Scanalogic-2 PRO is a 4 channel Logic Analyzer and Digital Signal Generator priced at 59€. At this cost it’s easy for a hobbyist to get one and make digital circuits debugging a breeze. It’s designed to capture, decode and analyze serial protocols like SPI, I2C, UART, 1-WIRE and CAN in a few clicks. Data is captured on PC using the free and efficient ScanaStudio software.
- 20 Million Samples Per Second
- 4 Input/Output channels
- 256K Sample per channel
- 2V, 2.8V, 3.3V, 3.6V and 5V logic levels support
- Serial protocols decoders (SPI, I2C, 1-WIRE, UART, CAN, LIN,Manchester)
- Various trigger options
> Download features PDF
What you can do with Scanalogic 2
- Capture and Analyze signals – Serial protocols sampling, decoding, debugging (UART, I2C, SPI, CAN, 1-WIRE, LIN, Manchester,…)
- Save captured data and playback them later or on the other side of world!
- Generate PWM, FM or UART signals
- Capture images of your signals for demostration.
- Digital PWM and FM signals analysis (FFT)
- Compare captured signals.
- Use “mixed” mode to play a signal and record response on another channel (at the same time!)
- Generate your own data (PWM, FM, Serial Data)
- ScanaStudio PC software offers smooth scrolling and navigation options.
I came across this neat bluetooth module called HC-06. It can be found as cheap as $6 on ebay, and gives you convenient UART access to bluetooth wireless capabilities.
My 3yr old has this home-made LED clock in his room. I thought it was time for an upgrade since the clock was very minimalistic. Its only function was to keep track of time and display it on the LED panel. And considering it was my first “completed” project with avr (atmega168), I thought I could make it better this time around.
LED Display Over Bluetooth With Android - [Link]
Would be interesting if we could make our microcontroller to sing for us not just beeping or blinking; this project is all about using the powerful AVR ATmega168 16-bit PWM feature to produce accurate musical notes such as playing the child’s favorite Twinkle-Twinkle Little Star song or we could say beeping with style. The principal we learned here could be applied to other AVR microcontroller families that support 16-bit PWM.
AVR Twinkle Twinkle Using PWM Project – [Link]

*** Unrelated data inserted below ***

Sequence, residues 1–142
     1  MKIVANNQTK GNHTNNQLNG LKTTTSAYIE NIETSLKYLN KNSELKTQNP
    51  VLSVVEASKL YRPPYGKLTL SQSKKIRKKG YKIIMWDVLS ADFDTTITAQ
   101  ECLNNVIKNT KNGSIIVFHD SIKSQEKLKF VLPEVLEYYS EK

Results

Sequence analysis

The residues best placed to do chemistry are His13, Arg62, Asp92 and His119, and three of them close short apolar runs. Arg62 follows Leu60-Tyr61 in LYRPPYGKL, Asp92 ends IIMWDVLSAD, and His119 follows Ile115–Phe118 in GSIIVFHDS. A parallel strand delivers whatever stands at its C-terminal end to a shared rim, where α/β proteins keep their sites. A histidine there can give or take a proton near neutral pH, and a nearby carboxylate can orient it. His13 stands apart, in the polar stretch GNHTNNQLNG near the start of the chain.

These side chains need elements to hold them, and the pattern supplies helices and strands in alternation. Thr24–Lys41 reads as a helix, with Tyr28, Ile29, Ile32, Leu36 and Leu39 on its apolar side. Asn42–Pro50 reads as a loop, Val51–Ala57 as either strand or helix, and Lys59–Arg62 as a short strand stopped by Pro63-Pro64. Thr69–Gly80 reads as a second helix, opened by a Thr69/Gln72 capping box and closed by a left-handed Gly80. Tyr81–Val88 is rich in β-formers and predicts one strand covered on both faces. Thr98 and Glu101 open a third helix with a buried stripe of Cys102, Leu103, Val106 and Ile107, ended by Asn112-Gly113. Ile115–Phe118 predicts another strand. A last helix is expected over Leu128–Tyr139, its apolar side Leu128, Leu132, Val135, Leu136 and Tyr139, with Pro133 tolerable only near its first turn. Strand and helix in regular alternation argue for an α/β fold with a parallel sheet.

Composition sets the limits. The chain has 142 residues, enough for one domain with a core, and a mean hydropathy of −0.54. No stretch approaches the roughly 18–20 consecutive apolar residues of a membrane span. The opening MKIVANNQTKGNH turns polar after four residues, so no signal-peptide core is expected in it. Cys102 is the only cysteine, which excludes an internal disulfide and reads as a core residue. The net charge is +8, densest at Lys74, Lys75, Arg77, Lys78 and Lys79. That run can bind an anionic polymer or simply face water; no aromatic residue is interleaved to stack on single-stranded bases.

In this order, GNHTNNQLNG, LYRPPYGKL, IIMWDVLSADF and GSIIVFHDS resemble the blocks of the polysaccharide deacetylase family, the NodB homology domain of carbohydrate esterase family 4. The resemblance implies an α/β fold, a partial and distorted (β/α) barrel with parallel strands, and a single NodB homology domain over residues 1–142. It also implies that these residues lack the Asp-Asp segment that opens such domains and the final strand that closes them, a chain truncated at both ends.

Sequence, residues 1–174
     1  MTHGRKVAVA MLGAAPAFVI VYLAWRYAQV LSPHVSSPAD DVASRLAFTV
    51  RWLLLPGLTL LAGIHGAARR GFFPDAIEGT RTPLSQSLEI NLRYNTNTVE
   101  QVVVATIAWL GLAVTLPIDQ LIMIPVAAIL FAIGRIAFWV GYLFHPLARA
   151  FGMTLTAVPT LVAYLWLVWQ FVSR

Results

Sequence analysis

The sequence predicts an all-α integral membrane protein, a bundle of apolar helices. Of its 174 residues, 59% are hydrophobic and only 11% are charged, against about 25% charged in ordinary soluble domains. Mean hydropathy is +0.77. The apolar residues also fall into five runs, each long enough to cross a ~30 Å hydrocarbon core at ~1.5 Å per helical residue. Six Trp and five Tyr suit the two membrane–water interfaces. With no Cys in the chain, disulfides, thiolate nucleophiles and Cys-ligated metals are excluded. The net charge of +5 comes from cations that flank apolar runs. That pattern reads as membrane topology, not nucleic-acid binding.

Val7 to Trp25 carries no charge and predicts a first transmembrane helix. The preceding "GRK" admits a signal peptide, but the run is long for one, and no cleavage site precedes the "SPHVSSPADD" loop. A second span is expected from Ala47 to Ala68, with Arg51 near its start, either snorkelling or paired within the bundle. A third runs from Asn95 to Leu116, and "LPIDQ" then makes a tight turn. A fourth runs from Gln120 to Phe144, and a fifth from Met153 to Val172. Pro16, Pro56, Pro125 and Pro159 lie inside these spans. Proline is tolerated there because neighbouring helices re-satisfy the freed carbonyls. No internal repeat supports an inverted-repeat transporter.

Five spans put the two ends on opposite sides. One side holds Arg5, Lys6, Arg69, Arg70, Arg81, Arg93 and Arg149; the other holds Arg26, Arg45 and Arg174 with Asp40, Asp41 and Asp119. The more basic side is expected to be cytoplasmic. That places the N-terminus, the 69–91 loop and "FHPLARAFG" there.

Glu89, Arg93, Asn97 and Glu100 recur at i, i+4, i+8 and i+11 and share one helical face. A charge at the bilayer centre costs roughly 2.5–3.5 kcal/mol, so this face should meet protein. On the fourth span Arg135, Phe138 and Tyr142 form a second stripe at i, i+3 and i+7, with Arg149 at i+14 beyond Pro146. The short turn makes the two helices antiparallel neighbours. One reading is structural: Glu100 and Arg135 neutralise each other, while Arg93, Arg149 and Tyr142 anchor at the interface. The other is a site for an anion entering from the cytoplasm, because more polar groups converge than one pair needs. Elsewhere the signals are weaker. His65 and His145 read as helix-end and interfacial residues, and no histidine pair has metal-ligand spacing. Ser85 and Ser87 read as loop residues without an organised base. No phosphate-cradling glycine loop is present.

AdaFruit recently released a sweet little TFT display that I was dying to hook up to a netduino: the display features a resolution of 128*160 pixels, is capable of showing 18-bit colors and has a microSD card reader on the back of the breakout board. As usual, Limor wrote a nicely detailed Arduino tutorial showing how to connect the display and how to write sketches to drive it.
The Arduino driver relies on the ability of the Atmega168/368 to toggle digital lines extremely fast, which does not work well on the netduino due to the latency introduced by the .Net Micro Framework: even when configured to use hardware SPI, the Arduino driver constantly toggles a data/command output line, rspin below, which would be unbearably slow on the netduino if the same method were applied.
The netduino has one advantage over the Arduino: it has plenty of RAM. So, instead of toggling I/O lines slowly all the time and using next to zero RAM, the netduino driver allocates a 40K buffer corresponding to the resolution of the display in 12-bit depth colors (16 bits per pixel) and leaves the ST7735 in ‘data’ mode upon initialization.
Drawing always happens on the internal buffer first. Then, whenever the actual display needs refreshing, the display I/O operations are performed using hardware SPI, blasting the entire 40K buffer. It may sound crazy but using this method on the netduino is faster than refreshing a single pixel while toggling an I/O line!
Driving an Adafruit TFT Display with a Netduino – [Link]
IgorPlugUDP is an ethernet-enabled infrared receiver. This is an old hack that kmmankad brought up in the forum.
What makes it really cool is that the ethernet is bitbanged using nothing but the bare pins of an ATMEGA168. It is transmit-only, it cannot receive network packets, but that’s enough for a lot of projects. [via]
Networked infrared remote control receiver – [Link]
Some time previous to getting my ham license, I was at a friends house who showed me an LC (inductance) meter built from a kit. It was based on a PIC16C22A, and I certainly do like the PIC mcu’s, but decided I would embark on the task of re-engineering my own that uses an Atmel AVR chip, the Atmega168. It’s been a journey. Also, I am giving away for free the schematics, firmware, and source code as open source under the GPL.
Inductance meter - [Link]
BrianH has posted a useful Instructables project that tests the capacity of rechargeable NiMh and NiCd batteries. The circuit is based on an Atmega168, and functions by draining the AA batteries (from 1 to 3 batteries) then computes and reports the capacity in mAh. It uses a Nokia 5510 graphic LCD to report battery condition and three MOSFETs used to switch the resistive load on and off during testing.
Capacity tester for rechargeable batteries – [Link]
Many AVR microcontrollers are capable of doing Analogue to Digital Conversion. The ATmega168 has 6 ports (8 ports on the SMD packages) that can be used for analogue input. This tutorial shows you how.
Analogue to Digital Conversion on an ATmega168 - [Link]